While a recent report by the Center for Medicare and Medicaid Services (CMS) shows that Part D premiums will increase by an average of 5 percent in 2014, many retirees will actually be able to save money on prescription drugs in the New Year.
Due to changes mandated by the Affordable Care Act, individual responsibilities for brand-name and generic drugs will gradually reduce over the next several years, the report states. Annual changes to specific Part D plans will also allow savvy users to keep costs low as their prescriptions change. To take advantage of all these savings, however, seniors will need to pay close and continual attention to their needs, options and total costs.
One of the ACA's greatest effects on Part D is its gradual closing of the “doughnut hole”— the coverage lapse that occurs when users exceed their monthly drug benefits. In 2013, anyone who exceeded $2970 in drug costs was then responsible for 47.5 percent of their brand-name drugs and 79 percent of their generics. According to CMS, in 2014, brand-name responsibilities will remain the same, while responsibilities for generics will be reduced to 72 percent. By 2020, Medicare users will only have to pay 25 percent for both brand-name and generic drugs once they exceed the monthly limit. Planner should note, however, that the starting point for the coverage gap is subject to change, and that it will be lowered to $2850 in 2014.
Despite the expected increase in monthly premiums, lower deductibles and co-pays—as well as access to different pharmacies—may help many seniors realize net reductions in their drug-related costs. “You might pay a higher premium, but you'll pay less for drugs over time,” said Sarah O-Leary, healthcare advocate and founder of Exhale Health. “What you really want to look at is your estimated total out-of-pocket costs for each year.”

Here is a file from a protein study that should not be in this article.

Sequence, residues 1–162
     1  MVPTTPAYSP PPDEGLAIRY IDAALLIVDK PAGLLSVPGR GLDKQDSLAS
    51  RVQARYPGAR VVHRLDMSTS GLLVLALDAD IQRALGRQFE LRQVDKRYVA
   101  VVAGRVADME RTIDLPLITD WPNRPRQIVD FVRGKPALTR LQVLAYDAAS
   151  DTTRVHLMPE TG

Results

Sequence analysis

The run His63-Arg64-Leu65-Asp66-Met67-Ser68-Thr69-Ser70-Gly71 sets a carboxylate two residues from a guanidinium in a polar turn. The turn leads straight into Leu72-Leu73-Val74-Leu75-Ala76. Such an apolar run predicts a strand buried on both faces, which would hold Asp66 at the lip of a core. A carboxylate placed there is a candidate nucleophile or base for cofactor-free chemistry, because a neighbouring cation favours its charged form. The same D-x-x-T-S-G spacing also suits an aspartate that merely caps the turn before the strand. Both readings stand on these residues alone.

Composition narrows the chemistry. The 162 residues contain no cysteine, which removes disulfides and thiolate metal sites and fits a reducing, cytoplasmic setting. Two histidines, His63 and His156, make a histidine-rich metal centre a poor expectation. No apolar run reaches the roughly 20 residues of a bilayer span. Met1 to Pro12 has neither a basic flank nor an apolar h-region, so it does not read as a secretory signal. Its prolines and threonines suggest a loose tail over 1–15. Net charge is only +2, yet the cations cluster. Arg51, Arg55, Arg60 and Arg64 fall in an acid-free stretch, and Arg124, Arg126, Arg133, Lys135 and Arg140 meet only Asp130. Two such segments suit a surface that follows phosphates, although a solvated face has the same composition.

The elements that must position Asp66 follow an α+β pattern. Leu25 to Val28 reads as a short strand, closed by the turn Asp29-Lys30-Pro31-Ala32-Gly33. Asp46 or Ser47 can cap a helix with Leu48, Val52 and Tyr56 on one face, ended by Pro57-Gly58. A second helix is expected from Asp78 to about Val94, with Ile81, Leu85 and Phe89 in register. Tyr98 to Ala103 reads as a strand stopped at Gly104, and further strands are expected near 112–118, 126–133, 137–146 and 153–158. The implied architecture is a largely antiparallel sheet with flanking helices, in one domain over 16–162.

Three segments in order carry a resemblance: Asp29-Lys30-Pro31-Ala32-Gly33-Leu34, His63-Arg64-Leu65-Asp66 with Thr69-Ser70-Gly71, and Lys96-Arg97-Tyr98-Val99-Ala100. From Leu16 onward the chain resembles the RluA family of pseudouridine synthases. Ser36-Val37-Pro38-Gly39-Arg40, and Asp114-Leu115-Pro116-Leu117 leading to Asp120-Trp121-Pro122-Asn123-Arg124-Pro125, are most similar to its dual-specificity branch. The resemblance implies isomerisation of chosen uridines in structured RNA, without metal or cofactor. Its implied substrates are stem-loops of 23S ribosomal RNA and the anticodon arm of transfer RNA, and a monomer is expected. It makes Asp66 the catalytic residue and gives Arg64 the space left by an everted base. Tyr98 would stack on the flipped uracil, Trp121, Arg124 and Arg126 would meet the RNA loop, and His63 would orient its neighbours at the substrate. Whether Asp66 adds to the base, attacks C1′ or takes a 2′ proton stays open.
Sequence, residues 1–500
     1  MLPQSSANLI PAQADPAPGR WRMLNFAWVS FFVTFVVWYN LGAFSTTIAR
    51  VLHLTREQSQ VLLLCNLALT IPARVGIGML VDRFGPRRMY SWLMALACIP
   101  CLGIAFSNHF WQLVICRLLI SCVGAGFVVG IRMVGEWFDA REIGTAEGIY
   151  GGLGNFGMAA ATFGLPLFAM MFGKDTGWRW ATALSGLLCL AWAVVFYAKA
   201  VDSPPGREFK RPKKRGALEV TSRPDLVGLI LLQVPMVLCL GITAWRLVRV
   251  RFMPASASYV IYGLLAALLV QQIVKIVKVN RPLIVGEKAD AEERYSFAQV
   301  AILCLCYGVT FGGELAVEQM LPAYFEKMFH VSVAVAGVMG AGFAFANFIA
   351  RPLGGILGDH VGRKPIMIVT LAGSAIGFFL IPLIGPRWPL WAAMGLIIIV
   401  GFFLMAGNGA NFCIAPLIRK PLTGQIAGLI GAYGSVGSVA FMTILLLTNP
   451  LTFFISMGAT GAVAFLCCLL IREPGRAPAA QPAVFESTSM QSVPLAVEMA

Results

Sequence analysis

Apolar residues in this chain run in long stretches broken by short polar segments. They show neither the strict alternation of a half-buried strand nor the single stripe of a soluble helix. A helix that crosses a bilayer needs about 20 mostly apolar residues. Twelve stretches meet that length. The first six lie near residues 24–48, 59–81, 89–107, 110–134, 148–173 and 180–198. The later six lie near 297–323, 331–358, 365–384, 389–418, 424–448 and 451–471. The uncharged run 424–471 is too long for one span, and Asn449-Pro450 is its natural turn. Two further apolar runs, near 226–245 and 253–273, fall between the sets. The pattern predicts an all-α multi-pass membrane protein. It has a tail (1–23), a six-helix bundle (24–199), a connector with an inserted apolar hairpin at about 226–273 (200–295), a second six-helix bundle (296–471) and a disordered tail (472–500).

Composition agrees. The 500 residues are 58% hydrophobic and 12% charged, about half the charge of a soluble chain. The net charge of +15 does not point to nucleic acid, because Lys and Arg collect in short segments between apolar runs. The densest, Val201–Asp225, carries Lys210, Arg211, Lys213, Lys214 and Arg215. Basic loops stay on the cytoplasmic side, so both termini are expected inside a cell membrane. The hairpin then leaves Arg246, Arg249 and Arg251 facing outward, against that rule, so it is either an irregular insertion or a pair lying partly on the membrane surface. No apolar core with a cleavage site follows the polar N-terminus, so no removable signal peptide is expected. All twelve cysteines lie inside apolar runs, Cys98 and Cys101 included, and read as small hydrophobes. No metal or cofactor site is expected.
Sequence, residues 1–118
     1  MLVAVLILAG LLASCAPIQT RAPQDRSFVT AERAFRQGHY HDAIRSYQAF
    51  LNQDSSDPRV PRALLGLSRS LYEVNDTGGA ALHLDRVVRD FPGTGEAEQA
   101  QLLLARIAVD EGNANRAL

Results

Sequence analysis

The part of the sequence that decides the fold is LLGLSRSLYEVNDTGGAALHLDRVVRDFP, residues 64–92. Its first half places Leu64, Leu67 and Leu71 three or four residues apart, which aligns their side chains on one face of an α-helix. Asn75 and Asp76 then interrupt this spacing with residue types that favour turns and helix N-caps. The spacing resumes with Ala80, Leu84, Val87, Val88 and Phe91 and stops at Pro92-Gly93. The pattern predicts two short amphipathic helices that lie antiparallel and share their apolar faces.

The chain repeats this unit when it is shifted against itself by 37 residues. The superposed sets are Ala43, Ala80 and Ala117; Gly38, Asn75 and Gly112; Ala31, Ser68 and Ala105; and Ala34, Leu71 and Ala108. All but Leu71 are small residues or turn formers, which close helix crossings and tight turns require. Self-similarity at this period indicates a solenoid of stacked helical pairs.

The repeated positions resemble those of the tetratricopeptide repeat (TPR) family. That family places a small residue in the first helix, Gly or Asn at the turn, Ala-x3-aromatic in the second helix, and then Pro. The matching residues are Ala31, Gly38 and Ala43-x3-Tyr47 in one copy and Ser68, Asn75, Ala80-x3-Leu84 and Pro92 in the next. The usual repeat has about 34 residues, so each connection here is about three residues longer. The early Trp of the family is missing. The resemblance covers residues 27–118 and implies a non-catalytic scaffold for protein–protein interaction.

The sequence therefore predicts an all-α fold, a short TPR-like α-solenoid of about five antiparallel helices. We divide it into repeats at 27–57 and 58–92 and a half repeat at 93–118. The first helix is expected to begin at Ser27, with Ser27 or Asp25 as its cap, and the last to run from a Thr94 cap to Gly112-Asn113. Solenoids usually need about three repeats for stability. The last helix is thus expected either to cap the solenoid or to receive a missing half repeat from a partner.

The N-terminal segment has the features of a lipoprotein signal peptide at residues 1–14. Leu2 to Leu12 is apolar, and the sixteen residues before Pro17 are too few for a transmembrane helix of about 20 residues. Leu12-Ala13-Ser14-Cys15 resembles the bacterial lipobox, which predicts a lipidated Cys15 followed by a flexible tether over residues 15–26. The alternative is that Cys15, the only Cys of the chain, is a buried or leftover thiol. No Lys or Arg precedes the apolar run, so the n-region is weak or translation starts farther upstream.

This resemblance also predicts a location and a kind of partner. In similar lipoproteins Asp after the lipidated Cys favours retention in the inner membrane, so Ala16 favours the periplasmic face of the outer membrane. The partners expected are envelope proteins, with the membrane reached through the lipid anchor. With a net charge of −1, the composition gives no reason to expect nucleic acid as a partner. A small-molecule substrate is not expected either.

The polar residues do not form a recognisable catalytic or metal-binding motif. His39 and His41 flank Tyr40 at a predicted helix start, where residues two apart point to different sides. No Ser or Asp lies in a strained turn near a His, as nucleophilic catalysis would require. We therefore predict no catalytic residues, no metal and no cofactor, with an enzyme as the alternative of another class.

Even for users who never come close to reaching the now-shrinking doughnut hole, Medicare's various plans offer savings that change from year to year. “One plan might charge 20 percent coinsurance for a drug, and that same drug might be 15 percent with another plan,” O'Leary said. Quite a few Part D plans also now feature PPO-esque pharmacy networks, and one plan may include discounted drugs that other plans do not.
Part D has been notoriously difficult to navigate in the past, but it's become far easier for proactive advisers to find the cheapest plans for their clients. “It's good to go on Medicare.gov and plug in the prescriptions you're going to need,” O'Leary said. “Their plan finder is not terribly difficult, and for a government site it's amazing.” Users can adjust settings to make sure that all their drugs are covered, and that the cheapest and closest pharmacies are included in their networks. They can also compare costs across similar plans and select the combinations of premium, copays, deductibles and list prices that minimizes overall costs.
Advisers should also understand that these plans change yearly, and that even when their clients' prescriptions haven't changed, they may be able to save money by switching. Enrollment opens every year from October 15th to December 7th, and any user can change their policies during that time. “People using Part D should treat it like a health plan checkup,” O'Leary said. “Every year they should look at the drugs they're taking, go to Medicare.gov, put those drugs in the finder and have a look to see if their plan is still the best for them. If you look and change, you will typically save more money.”
Finally, whether they currently need prescription drugs or not, just about every new Medicare enrollee should go ahead and sign up for Part D. Those who sign up late face a penalty equal to 1 percent of the national base beneficiary premium—$32.42 in 2014—multiplied by the number of months they spent without adequate drug coverage. This penalty is permanent, and for people who live well past the age of 65, it will usually result in a higher total premium payment over the course of retirement.